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FUTURE OF CHINA’S FILM INDUSTRY BIGGER, BETTER, BRIGHTER – FORUM July.28.2020

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SHANGHAI/SINGAPORE — The Motion Picture Association (MPA) joined today with Shanghai Jiao Tong University, the 23rd Shanghai International Film Festival (SIFF) and production partner China Central Television (CCTV), to host the 7th Global Film Industry Value Chain Development Forum. The event is presented as a hybrid in-person and virtual forum as part of the official 2020 SIFF program.

Filmmakers and seasoned film industry professionals were convened for a deep-dive into this year’s theme: Post Covid-19: The Changing Landscape of the Global Film Industry, featuring discussions on various timely topics, including how the film industry is tackling current challenges generated by the pandemic; internet and VOD business trends; high-concept and high-value IP content development; and the industrialization of the film, television and streaming industries in China. Speakers agreed that all stakeholders in the industry are committed towards establishing a more sophisticated means of production that delivers high-quality feature films for a wide audience.

Opening remarks were given by HU Hao, Member of the Standing Committee of the Shanghai Jiao Tong University Committee, ZHANG Hong, Executive President of China Film Association, and Charles H. Rivkin, Chairman & CEO of the MPA.

In his welcome address, Rivkin said, “I am pleased and delighted to see the Shanghai International Film Festival up and running. It’s so important that we keep up the flow of creativity, connectivity, and conversation between our film and television industries. Let’s continue to seek ways to work together, share ideas, and establish common ground.”

FU Ruoqing, Vice President and CEO of China Film Co., Ltd., and Chairman of Huaxia Film Distribution Co., Ltd, delivered keynote remarks, setting the scene by suggesting that the Chinese film industry could look forward with optimism: “China generated 110 million yuan box office in the first week of Chinese cinemas resuming operations, with about 4.15 million attendees. China Film Group and Huaxia Distribution plan to organize 30-50 classic films to re-release in cinemas in order to reboot the market. And I am confident that the China film market will recover gradually. As the second-largest film market in the world, China will strengthen international cooperation, promoting the development of the global film industry.”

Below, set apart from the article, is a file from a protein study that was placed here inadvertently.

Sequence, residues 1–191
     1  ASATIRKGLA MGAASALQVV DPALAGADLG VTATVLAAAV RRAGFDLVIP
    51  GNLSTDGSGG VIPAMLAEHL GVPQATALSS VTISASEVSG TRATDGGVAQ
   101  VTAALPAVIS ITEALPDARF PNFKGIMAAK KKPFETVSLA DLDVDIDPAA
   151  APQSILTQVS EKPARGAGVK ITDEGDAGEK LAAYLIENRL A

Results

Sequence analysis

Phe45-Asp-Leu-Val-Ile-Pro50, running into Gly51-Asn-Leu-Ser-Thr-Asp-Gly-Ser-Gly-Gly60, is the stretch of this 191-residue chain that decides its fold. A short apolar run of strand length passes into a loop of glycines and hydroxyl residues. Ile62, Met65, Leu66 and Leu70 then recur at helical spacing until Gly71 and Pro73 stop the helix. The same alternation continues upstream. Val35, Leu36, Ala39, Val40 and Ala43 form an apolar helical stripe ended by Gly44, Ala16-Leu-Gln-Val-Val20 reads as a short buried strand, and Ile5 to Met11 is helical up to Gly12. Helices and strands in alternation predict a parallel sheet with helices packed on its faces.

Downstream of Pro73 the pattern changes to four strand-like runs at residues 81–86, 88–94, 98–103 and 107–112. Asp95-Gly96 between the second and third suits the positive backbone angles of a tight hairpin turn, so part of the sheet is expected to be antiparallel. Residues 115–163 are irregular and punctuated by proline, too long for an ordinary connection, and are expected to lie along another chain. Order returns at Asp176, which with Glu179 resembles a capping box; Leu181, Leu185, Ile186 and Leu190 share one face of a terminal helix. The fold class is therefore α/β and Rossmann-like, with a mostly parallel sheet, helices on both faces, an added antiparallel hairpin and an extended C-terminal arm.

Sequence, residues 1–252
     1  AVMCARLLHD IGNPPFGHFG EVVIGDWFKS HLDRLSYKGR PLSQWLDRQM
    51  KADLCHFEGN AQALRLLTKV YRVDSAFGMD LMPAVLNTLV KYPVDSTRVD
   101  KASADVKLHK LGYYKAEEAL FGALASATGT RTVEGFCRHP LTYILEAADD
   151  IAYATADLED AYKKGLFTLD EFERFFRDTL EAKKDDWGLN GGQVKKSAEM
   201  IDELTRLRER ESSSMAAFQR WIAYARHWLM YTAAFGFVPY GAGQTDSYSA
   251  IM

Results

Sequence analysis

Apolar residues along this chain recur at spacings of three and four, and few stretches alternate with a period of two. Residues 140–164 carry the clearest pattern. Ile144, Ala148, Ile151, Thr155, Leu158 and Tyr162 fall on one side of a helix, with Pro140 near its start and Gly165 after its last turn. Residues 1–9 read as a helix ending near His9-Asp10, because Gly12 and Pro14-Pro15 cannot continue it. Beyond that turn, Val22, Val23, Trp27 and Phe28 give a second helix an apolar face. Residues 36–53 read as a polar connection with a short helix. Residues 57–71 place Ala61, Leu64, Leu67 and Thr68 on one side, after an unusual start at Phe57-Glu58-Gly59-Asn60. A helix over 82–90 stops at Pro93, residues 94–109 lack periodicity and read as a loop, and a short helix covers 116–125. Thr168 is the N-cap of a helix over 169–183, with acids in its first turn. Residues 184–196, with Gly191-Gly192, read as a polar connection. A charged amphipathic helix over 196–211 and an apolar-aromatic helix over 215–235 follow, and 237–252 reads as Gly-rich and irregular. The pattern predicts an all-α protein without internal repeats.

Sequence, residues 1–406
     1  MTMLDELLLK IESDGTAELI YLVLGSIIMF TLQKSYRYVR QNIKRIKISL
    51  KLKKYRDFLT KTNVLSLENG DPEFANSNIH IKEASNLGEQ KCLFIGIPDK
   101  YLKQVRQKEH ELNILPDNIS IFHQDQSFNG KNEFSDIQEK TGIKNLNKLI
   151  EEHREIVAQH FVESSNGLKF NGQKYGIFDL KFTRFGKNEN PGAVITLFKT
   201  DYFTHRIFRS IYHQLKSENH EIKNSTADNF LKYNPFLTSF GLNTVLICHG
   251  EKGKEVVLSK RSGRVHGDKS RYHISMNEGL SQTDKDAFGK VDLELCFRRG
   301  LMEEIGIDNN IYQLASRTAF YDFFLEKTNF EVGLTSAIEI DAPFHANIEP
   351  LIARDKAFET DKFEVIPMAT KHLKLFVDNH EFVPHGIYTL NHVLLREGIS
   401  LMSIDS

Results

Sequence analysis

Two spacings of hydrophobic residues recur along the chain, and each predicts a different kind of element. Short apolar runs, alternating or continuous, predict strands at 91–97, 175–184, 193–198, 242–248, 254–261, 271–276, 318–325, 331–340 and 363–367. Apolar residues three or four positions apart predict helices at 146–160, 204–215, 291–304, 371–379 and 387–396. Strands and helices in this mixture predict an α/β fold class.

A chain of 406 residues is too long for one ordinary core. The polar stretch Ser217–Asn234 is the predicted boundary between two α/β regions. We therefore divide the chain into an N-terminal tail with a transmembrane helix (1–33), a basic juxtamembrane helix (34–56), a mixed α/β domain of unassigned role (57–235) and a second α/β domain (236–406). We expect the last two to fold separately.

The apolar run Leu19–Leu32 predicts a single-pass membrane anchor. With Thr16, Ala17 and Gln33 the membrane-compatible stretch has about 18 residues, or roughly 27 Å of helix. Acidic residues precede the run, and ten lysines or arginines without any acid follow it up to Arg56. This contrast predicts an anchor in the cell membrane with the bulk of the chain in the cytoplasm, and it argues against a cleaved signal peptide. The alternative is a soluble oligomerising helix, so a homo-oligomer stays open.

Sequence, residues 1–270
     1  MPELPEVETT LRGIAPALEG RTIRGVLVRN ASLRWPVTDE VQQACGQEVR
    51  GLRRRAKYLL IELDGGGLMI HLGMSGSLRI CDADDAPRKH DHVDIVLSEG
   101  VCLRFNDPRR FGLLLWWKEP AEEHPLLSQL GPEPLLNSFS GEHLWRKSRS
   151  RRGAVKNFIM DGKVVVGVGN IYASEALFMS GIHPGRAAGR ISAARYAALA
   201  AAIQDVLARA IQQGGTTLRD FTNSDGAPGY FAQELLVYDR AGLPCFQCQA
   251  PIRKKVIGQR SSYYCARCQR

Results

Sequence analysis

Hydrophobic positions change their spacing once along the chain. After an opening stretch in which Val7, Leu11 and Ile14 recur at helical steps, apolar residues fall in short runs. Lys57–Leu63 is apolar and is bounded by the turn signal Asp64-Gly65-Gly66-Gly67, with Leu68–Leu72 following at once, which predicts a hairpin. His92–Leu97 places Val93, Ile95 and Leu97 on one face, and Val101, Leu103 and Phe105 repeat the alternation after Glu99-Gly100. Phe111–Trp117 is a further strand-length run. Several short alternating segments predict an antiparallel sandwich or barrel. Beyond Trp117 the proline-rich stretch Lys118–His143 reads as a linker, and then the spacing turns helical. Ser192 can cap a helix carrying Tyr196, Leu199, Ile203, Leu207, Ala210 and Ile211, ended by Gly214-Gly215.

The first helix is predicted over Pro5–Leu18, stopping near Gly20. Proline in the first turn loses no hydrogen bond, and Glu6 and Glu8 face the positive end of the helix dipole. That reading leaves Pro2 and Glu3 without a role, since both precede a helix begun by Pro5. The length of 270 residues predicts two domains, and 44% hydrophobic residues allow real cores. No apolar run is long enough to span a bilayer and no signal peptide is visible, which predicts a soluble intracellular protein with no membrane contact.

During the first panel discussion on the way forward for the film and television industry in China following the impact of the pandemic, WANG Zhonglei, CEO of Huayi Brothers, talked about the vital role played by leading production companies: “Major film studios should be responsible to help reboot the market by providing high quality films. As for Huayi Brothers, we plan to release high profile films in each box office seasons from this August, attracting audiences to go back to cinemas. Huaiyi Brothers will also start shooting 3-4 films in the second half of 2020.”

Providing the exhibitor’s point of view, Richard Gelfond, CEO, IMAX, said, “As audiences come back, they are going to want something reliable, familiar and something different from what they can get at home. If you want to see a blockbuster, you’re going to want to see it on IMAX, and in the long run, IMAX will be back stronger than ever.”

Asked about the current trends in cinema-going, Rance Pow, Founder & President of Artisan Gateway, said, “China is the largest market to re-open, and we view the early box office results as encouraging. That being said, the cinema industry will likely face challenges and hardship in the short and intermediate terms. The major chains will likely survive and become vehicles of industry consolidation… perhaps with significant financial restructurings after the prolonged period of business closure.”